Locust Summer is an absorbing novel that I found unputdownable, and I look forward to reading more from this author.

There is a sample chapter at the publisher’s website, and book group notes and an author interview too.

Author: David Allan-Petale
Title: Locust Summer
Publisher: Fremantle Press, 2021
Cover design: Nada Bacakovic (thanks, Twitter!)
ISBN: 9781925816365, pbk., 240 pages
Review copy courtesy of Fremantle Press

Available from Fremantle Press and all good retailers.


  1. Thanks! Not one I’ve heard about before, will definitely follow it up :)


    • I loved it, I really did.
      It’s that satisfaction that you feel when you’re deeply into the reading of a book that’s wholly absorbing. It doesn’t happen with every book, but I had it with this one.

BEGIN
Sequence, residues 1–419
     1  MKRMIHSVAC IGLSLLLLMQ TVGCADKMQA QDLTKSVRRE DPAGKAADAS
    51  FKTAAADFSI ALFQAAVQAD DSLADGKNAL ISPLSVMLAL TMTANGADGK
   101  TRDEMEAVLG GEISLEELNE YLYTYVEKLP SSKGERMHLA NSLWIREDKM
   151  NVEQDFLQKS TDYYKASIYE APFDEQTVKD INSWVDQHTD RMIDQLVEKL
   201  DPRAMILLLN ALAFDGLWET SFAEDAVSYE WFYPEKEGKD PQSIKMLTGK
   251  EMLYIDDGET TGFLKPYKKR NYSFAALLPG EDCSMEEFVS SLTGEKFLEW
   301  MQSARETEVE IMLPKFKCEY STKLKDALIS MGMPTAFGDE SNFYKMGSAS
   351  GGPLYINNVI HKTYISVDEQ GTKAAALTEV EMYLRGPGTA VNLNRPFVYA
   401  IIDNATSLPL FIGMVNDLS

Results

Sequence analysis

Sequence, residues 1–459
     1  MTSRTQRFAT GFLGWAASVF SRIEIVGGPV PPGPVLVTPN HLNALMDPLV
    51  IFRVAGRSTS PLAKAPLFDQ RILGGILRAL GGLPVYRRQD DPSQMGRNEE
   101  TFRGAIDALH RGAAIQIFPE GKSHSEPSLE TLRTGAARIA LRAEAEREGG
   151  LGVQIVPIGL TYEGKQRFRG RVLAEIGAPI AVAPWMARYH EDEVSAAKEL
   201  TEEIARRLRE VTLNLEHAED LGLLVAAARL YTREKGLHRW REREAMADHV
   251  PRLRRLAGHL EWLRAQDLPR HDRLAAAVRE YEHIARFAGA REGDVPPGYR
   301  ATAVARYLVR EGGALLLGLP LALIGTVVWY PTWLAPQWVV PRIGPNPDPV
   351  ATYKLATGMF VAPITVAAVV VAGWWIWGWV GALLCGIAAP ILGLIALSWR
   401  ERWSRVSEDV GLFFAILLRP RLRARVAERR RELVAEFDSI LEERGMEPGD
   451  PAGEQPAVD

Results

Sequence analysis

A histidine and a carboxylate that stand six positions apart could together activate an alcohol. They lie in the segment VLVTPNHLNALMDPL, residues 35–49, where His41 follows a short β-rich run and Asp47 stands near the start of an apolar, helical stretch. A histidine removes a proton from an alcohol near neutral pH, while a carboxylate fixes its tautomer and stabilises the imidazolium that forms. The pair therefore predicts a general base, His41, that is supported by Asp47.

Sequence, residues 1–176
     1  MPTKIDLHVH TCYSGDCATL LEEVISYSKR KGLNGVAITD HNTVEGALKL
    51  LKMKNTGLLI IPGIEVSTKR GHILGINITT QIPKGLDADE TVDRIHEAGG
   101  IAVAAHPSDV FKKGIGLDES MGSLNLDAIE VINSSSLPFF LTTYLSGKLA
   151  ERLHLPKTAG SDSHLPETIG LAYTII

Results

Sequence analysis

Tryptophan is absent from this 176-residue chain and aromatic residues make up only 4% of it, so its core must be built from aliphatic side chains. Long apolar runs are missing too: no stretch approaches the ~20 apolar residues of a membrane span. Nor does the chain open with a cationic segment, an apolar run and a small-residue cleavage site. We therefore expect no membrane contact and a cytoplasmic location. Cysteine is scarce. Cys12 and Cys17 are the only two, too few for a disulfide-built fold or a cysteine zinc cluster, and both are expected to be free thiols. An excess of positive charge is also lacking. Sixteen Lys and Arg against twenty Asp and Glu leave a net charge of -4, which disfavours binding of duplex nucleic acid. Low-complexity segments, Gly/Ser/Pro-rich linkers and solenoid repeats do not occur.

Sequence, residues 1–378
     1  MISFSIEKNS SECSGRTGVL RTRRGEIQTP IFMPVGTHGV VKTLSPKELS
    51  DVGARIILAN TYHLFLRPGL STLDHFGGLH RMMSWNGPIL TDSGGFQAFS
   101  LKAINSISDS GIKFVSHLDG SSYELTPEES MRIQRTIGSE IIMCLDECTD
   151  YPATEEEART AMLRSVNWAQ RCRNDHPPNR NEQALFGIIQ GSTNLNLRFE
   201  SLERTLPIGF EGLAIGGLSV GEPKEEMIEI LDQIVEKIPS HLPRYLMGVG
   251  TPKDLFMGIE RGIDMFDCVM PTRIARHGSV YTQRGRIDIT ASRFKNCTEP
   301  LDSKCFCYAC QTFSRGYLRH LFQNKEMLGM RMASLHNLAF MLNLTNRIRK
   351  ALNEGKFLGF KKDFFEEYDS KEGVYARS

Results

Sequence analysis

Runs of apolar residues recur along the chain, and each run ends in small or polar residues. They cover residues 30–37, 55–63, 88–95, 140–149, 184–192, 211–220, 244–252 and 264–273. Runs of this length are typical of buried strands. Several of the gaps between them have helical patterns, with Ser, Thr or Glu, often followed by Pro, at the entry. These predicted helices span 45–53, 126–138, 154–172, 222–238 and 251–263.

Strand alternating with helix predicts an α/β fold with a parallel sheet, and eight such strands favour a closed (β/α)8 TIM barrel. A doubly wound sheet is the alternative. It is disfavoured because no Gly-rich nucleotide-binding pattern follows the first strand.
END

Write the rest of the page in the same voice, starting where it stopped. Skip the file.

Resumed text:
Liked by 2 people

  2. Beautiful review, Lisa! This book looks very fascinating! Adding this to my list! Thanks for sharing your thoughts 😊


    • I hope you can get a copy in India, Vishy:)


      • I just checked, Lisa. It looks like this edition is not available yet. Will wait for it to come out. It looks wonderful from your review. Can’t wait to read 😊

        Liked by 1 person

  3. Glad to hear this! I have it on my TBR pile and the beautiful cover keeps beckoning me.


    • Oh… I forgot to credit the cover designer!
      *pause to retrieve the book from the ‘read’ shelf*
      *hunt, front to back and the acknowledgements*
      I can’t find it. The images are credited at the front, to Shutterstock and elsewhere, but who put them together… I can’t find it.


      • That’s a shame, because it was beautifully designed.

        Liked by 1 person

        • Today I saw a comment on Twitter about Nada Backovic’s beautiful design, so I’ve edited it above to credit her.

          Liked by 1 person

  4. […] reviews by Lisa Hill at ANZ LitLovers and Gemma Nisbet in the West […]


  5. […] David Allan-Petale’s Locust summer: (Toni Jordan) (Lisa’s review) […]